CLEVELAND -- Turns out a "Gilbert-tee" trumps a "Guaran-Sheed.
Cavaliers owner Dan Gilbert quietly promised his team would win hours before Game 4 with the Detroit Pistons Monday, an indirect response to one of Rasheed Wallace's loud promises of Pistons' victory.
Gilbert's family nicknamed the proclamations after the first four came true during the regular season. He remained perfect as the Cavs yet again beat the Pistons at their own game, 74-72.
Now the series that once looked like a formality has been quickly evened 2-2 as the Cavs successfully protected their home court.
Gilbert is no soothsayer and at this juncture really has no effect on outcomes, but he does know his team. Like the Washington Wizards before them, the Pistons are learning about them, too.
For various and constantly changing reasons, the primary being LeBron James, the Cavs just win close games. Against the Wizards they won three one-point games by playing great offense. They've outlasted the Pistons in the last two games by playing great defense.
They've now won 17 of their last 19 games decided by four points or less. Most of them have come at home, where the Cavs went 31-10 in the regular season and have taken 14 of the last 15 overall.
Usually the Pistons kill such streaks, their rugged style and togetherness overcoming all. That hasn't been the case in this series for quite some time now, dating back to Game 2 at the Palace of Auburn Hills when the Cavs tightened their defense in the second half to turn a blowout into close game.
James scored 22 points and broke the tie by twice splitting free throws in the final minute. He also had eight rebounds, nine assists, and eight turnovers on ordinary 8-of-23 shooting. But those are offensive stats; his efforts within in the Cavs' defensive scheme were just as vital.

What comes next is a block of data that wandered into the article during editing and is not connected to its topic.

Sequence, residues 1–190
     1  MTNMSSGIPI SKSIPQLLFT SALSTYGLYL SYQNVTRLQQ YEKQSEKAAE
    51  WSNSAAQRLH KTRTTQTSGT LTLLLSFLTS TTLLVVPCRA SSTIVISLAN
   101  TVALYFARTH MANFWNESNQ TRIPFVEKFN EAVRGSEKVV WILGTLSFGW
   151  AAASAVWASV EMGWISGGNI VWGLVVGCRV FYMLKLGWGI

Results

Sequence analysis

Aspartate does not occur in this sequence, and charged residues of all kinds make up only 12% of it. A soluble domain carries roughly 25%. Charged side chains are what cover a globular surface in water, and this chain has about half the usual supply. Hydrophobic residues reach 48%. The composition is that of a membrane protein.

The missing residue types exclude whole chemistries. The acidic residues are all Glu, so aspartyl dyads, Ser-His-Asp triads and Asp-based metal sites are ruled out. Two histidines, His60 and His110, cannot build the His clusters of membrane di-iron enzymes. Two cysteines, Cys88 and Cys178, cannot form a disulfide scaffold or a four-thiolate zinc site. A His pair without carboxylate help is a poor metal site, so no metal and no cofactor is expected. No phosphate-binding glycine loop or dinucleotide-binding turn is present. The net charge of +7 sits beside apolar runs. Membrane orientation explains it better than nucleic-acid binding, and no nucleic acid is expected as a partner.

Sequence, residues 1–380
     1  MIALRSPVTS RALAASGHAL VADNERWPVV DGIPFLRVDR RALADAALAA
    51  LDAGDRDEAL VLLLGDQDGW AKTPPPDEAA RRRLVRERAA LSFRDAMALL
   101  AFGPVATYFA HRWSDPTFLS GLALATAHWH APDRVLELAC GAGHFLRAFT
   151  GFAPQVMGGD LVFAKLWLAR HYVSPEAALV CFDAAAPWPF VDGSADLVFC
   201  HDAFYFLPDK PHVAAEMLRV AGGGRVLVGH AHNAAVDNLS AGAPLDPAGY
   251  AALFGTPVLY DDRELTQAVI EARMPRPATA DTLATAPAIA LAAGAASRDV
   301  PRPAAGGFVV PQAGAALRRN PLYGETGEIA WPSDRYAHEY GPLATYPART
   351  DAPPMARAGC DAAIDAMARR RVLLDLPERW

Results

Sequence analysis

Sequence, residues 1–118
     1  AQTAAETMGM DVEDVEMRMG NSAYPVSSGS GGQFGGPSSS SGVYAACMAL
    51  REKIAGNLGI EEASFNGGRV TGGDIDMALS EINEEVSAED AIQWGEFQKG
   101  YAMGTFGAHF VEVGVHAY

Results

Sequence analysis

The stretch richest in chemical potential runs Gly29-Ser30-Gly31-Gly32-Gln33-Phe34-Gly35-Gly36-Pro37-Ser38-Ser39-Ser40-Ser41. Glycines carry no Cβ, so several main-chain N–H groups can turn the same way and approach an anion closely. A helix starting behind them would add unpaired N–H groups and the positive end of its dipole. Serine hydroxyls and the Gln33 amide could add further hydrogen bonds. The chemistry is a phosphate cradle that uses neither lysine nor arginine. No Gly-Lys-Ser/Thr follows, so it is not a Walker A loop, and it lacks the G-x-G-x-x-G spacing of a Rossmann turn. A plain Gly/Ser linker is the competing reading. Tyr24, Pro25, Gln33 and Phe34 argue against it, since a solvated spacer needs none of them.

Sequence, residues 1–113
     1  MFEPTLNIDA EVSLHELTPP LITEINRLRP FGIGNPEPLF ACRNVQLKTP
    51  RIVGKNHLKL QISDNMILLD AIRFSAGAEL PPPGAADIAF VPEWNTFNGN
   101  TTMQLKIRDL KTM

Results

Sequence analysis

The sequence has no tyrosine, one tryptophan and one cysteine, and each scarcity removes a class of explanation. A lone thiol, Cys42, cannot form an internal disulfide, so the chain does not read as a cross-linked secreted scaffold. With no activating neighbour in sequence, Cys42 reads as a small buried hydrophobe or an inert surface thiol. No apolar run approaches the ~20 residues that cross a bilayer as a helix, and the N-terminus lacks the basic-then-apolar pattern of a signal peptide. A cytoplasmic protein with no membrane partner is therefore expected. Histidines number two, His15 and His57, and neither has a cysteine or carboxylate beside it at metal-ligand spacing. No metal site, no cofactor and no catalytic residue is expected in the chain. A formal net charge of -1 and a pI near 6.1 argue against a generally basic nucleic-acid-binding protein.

The Pistons shot just 33 percent in Game 4 and made just 4-of-18 shots in the fourth quarter when the Cavs erased a six-point deficit. Over the last three games the Cavs have outscored the Pistons 85-53 in the fourth quarters and held them to 30 percent shooting.
That is supposed to be the Pistons' winning time not the Cinderella Cavs'.
It has come from being physical and getting in position, be it getting a hand in a face or taking a charge. As Anderson Varejao, who led the NBA in charges per 48 minutes, did with 30 seconds to play in a crucial moment when he slipped and absorbed Chauncey Billups with the Cavs ahead by a single point. It was Ben Wallace-like as the Cavs continued to be Pistons-like.
"The last two games we lost in our style games," said Richard Hamilton, who led all scorers with 30 points. "We had the game right where we wanted it."
Indeed this has been uncharacteristic of the Pistons. On offense they have really tried to take advantage of the Cavs' decision to switch on pick-and-rolls to create matchup problems and the absence of Cleveland's best perimeter defender, Larry Hughes.
So Tayshaun Prince and Rasheed Wallace, who sprained his right ankle in the game, have gotten great position against smaller players in the post and Hamilton has repeatedly burned Damon Jones and Flip Murray.
Yet they missed chances when the Cavs have yielded them down the stretch and suffered self-inflicted wounds, turning the ball over five times in the fourth quarter of Game 3 and seven times in the fourth of Game 4.
Still with the homecourt edge and all the experience, the Pistons remain the favorites. But it is the Cavs to seemed to have jettisoned the pressure and, for the moment, have stolen another valuable Piston weapon: confidence.
"If we continue to focus," Cavs coach Mike Brown said. "Who knows what will happen."
Brian Windhorst covers the Cavaliers for the Akron Beacon-Journal.